Monday, August 29, 2016

Cool Things in Schools

I love my job...I get to go to a bunch of different schools and I always like checking out what other teachers have posted or have done in their classroom. Here are some of my back-to-school finds.

1. The "You Decide" poster. It was located outside a nurses office and when I saw it, I stopped to look at it (which is always a mark of a good display). I loved its simplicity and message.


2. The "stage". I delivered a class set of iPads in this classroom and and literally said, "Shut the front door! You have a STAGE?!?! With a RUNWAY?!?! Can I walk it?!?!?". It was ridiculously cool (#everyoneshouldhaveastage). The teacher made it over the summer after visiting the Ron Clark Academy last year and he did an awesome job (side note: visiting the Ron Clark Academy is on my bucket list). There were other Ron Clark touches that I need to take pictures of but it is the stage that I really loved (the kids loved it as well and laughed when made a big deal of walking it). I told the teacher that I need to come back and model a lesson JUST to be on the stage :)



3. The "Cafe Room". I was doing iPad rollouts at this school when someone told me about their Cafe Room. The media assistant, who had gotten the grant and did the bulk of the decorating, was happy to show it off. It was seriously cool. It was in their old drama room that had been painted black (walls and ceilings). The media assistant hung empty frames around, had brick wall decals, the room had painted iron tables and chairs, cool curtains around the Promethean board with paintings behind it, and a faux chandelier in the center. The room is available for teachers to book with their students. I would definitely find excuses to use it as much as possible!  





Sunday, August 14, 2016

Back-to-School Activity - Twist on a Pair/Share




I was recently in a training class where the trainer used a “divide and slide” activity to get us up, moving, and sharing. It was a lot of fun. I thought it could be used for a back-to-school activity along with another strategy I’ve used with students before called a “Six Word Story” (this strategy is part of the Discovery Education Spotlight on Strategies series).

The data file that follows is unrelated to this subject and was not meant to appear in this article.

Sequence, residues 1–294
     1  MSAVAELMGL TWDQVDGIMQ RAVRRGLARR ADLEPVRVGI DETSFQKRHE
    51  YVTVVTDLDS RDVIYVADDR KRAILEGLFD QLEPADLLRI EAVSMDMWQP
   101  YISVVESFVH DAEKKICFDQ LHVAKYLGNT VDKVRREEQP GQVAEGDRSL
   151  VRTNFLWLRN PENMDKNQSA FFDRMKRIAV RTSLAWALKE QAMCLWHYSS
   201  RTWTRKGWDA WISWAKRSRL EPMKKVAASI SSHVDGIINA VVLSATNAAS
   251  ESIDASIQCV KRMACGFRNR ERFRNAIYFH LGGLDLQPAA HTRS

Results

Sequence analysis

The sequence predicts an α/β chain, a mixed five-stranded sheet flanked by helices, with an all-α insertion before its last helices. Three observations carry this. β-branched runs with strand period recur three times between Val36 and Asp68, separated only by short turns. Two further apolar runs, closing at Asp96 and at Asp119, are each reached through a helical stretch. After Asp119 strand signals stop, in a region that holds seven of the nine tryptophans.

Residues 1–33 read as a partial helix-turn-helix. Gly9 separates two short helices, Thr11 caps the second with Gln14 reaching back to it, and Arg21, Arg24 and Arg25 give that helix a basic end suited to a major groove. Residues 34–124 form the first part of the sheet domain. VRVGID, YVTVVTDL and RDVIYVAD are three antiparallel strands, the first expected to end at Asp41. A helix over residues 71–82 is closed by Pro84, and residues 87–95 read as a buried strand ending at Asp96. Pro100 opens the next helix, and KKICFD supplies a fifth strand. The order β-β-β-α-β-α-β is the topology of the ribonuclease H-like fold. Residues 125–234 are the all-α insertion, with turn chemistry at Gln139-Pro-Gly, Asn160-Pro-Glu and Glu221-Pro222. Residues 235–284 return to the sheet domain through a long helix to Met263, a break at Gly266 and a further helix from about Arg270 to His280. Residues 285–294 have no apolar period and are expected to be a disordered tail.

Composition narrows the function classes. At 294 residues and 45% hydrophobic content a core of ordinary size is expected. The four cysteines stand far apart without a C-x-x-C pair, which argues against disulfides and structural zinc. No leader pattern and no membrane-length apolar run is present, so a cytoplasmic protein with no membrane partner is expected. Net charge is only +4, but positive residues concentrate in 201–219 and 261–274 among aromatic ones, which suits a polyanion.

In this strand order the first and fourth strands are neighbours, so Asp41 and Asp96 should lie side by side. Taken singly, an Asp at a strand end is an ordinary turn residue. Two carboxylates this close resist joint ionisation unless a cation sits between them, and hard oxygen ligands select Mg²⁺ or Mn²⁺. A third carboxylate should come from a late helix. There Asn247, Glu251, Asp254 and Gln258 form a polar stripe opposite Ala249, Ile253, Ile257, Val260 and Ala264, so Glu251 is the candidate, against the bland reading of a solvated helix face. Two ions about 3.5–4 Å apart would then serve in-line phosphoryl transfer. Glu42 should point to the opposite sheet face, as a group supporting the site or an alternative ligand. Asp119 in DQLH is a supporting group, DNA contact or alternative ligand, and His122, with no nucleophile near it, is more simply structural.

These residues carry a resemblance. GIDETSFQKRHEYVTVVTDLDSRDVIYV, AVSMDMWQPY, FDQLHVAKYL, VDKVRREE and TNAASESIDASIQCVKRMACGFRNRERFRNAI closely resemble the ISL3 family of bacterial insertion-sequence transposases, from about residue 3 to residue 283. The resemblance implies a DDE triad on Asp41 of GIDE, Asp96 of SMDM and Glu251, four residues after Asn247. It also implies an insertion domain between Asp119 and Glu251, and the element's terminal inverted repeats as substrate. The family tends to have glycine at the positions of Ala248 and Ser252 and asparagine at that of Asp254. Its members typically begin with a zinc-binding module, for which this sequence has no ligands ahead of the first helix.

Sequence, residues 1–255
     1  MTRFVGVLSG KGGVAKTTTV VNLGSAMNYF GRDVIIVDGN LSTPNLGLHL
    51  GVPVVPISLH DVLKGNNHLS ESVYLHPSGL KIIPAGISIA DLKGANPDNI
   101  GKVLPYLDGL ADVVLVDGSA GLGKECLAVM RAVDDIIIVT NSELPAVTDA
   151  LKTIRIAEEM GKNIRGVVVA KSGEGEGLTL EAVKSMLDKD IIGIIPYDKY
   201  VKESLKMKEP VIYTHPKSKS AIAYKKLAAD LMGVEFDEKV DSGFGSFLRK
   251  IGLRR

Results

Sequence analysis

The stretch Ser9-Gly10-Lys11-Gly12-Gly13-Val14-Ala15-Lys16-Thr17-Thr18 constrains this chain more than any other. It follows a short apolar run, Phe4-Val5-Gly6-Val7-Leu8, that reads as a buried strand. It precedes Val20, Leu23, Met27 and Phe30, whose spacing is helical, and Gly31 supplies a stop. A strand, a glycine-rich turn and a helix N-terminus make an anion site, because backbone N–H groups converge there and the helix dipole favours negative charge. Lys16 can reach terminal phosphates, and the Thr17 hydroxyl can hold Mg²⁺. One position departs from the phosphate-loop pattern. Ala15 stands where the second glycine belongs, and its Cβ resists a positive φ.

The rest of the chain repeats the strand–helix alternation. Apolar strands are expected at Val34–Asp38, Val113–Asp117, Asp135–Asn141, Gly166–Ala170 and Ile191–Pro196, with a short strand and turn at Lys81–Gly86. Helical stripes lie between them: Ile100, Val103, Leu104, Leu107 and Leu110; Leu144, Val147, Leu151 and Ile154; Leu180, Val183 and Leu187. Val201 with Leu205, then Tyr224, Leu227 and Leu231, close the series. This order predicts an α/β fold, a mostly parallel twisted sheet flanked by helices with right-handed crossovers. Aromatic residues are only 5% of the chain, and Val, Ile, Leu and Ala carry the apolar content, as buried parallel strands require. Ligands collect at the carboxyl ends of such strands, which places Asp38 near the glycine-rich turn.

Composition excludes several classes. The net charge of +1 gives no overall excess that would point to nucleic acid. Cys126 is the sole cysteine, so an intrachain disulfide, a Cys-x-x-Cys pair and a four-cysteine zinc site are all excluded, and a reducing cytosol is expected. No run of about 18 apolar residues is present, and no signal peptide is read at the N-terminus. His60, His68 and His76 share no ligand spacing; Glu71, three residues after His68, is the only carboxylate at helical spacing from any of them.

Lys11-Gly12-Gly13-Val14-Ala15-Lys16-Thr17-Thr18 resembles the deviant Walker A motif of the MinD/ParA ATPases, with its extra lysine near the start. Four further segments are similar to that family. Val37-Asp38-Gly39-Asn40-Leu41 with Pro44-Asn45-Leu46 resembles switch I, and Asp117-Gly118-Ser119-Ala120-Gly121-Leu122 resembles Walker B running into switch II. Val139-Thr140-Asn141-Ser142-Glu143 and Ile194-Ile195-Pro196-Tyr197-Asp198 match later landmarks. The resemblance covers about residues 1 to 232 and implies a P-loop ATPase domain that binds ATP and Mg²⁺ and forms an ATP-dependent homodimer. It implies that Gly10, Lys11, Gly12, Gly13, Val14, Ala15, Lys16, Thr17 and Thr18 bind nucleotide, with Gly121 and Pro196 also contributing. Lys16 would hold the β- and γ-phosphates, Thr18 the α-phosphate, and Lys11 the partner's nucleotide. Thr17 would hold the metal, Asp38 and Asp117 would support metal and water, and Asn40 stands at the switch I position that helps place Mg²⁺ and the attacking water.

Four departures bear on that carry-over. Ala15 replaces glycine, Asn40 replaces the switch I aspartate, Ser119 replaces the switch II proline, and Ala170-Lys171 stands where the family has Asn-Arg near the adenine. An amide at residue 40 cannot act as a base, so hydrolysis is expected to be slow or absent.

In this activity students would come up with a six words sentence to highlight something they did over the summer. They would then share with their classmates during the “divide and slide”.

As a teacher, you might need to model writing a six-word sentence (this type of writing is also referred to as micro-writing). So on the board I might model writing a six-word story:

- I worked to rescue sea turtles.
- I geocached in five different states.
- My mother-in-law fell breaking her hip.

Give students a reasonable amount of time to write their story (I would cut up paper in fourths and give each child a sheet to write on. Once they were done have them get in the “divide and slide” lines to share. They have to introduce themselves to the person across from them before starting (i.e. “Hi, my name is Eve”…then they share. When it is the next person’s turn they will say “Hi, my name is Jason”…then they share. This way they start to get to know each other’s names.) If a child says they did “nothing” over the summer…challenge them to come up with a six-word story that indicates they did nothing.

You can even grade it as an easy ELA/Writing grade. To get a perfect score the story has to have six words (no more/no less). It would be fun for the kids to go home and say they got an “A” in a writing assignment the first day of school.

If you have time, have students share the most interesting/attention grabbing six-word story they heard (it can’t be their own!).


I use to keep short stories (similar to this) in the student’s writing folder because it can be used later as a jumping off point for longer writing pieces. 

If you try it...let me know how it goes!

Educational Ambassador Programs